OutlookRacing Services is consistent with the approach adopted by the majority of courts on the issue of derivative standing. Under this approach, a stakeholder other than a DIP or trustee is permitted under certain circumstances to prosecute claims on behalf of the bankruptcy estate, particularly where the estate lacks sufficient unencumbered cash to fund litigation of colorable claims. As part of its broad equitable powers, the bankruptcy court acts as the gatekeeper for derivative standing, and its discretion in exercising those powers is considerable. Still, some courts reject derivative standing as illegitimate, based upon the Bankruptcy Code’s express reference to a “trustee” (and by inclusion, a debtor-in-possession) in specifying who may prosecute avoidance actions belonging to the estate. The most notable adherent to this view (albeit temporarily) was the Third Circuit Court of Appeals, which ruled in 2002 in Official Committee of Unsecured Creditors of Cybergenics Corp. v. Chinery (In re Cybergenics Corp.) that, based upon the express language of section 544(b) of the Bankruptcy Code and the Supreme Court’s 2000 ruling in Hartford Underwriters Ins. Co. v. Union Planters Bank, N.A., only a bankruptcy trustee has the authority to commence avoidance litigation that could have been brought by a creditor under applicable state law outside of bankruptcy. The court of appeals did an about-face on the issue the following year, vacating its original ruling and concluding that the scope of a bankruptcy court’s equitable powers is sufficiently broad to encompass the discretion to delegate standing to a creditor or committee under appropriate circumstances. Despite the Third Circuit’s imprimatur, a handful of courts continue to reject derivative standing. In addition, the Fourth Circuit, although it has never decided the issue directly, observed in its 2005 ruling in Scott v. National Century Fin. Enters., Inc. (In re Baltimore Emergency Servs. II Corp.) that “[i]t is far from self-evident that the Bankruptcy Code permits creditor derivative standing.” The Second Circuit recently added yet another chapter to the evolution of the doctrine of derivative standing. In Official Committee of Equity Security Holders of Adelphia Comm. Corp. v. Official Committee of Unsecured Creditors of Adelphia Comm. Corp. (In re Adelphia Comm. Corp.), the court of appeals affirmed a district court ruling dismissing an official equity committee’s challenge of an order confirming Adelphia’s chapter 11 plan. The equity committee challenged the plan confirmation order on the grounds that the bankruptcy court lacked the power to transfer derivative claims that the committee had been authorized to prosecute to a litigation trust established under the plan, the proceeds of which would benefit unsecured creditors. According to the Second Circuit, a court “may withdraw a committee’s derivative standing and transfer the management of its claims, even in the absence of that committee’s consent, if the court concludes that such a transfer is in the best interests of the bankruptcy estate.”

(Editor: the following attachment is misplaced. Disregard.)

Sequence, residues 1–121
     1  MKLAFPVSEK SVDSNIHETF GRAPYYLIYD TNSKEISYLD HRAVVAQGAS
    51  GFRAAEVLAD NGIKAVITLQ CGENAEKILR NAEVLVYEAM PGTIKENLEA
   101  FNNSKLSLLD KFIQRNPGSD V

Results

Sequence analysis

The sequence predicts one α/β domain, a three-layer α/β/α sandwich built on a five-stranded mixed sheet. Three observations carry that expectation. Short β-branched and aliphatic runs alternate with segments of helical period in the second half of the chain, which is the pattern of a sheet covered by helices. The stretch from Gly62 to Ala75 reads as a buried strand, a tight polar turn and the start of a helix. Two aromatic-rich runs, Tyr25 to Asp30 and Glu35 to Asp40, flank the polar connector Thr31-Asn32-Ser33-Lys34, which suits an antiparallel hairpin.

PW Enterprises, Inc. v. North Dakota Racing Commission (In re Racing Services, Inc.), 540 F.3d 892 (8th Cir. 2008).
Unsecured Creditors Committee of Debtor STN Enterprises, Inc. v. Noyes (In re STN Enterprises), 779 F.2d 901 (2d Cir. 1985).
Commodore Int’l Ltd. v. Gould (In re Commodore Int’l Ltd.), 262 F.3d 96 (2d Cir. 2001).
Official Comm. of Unsecured Creditors v. Halifax Fund, L.P. (In re Applied Theory Corp.), 493 F.3d 82 (2d Cir. 2007).
Official Comm. of Unsecured Creditors of Cybergenics Corp. v. Chinery (In re Cybergenics Corp.), 330 F.3d 548 (3d Cir. 2003).
Fogel v. Zell, 221 F.3d 955 (7th Cir. 2000).
Avalanche Mar., Ltd. v. Parekh (In re Parmetex, Inc.), 199 F.3d 1029 (9th Cir. 1999).
Canadian Pac. Forest Prods. Ltd. v. J.D. Irving, Ltd. (In re Gibson Group, Inc.), 66 F.3d 1436 (6th Cir. 1995).
La. World Exposition v. Fed. Ins. Co., 858 F.2d 233 (5th Cir. 1988).
Nagle v. Lauer (In re Lauer), 98 F.3d 378 (8th Cir. 1996).
Hartford Underwriters Ins. Co. v. Union Planters Bank, N.A., 530 U.S. 1 (2000).
Scott v. National Century Fin. Enters., Inc. (In re Baltimore Emergency Servs. II Corp.), 432 F.3d 557 (4th Cir. 2005).
Official Committee of Equity Security Holders of Adelphia Comm. Corp. v. Official Committee of Unsecured Creditors of Adelphia Comm. Corp. (In re Adelphia Comm. Corp.), 544 F.3d 420 (2d Cir. 2008).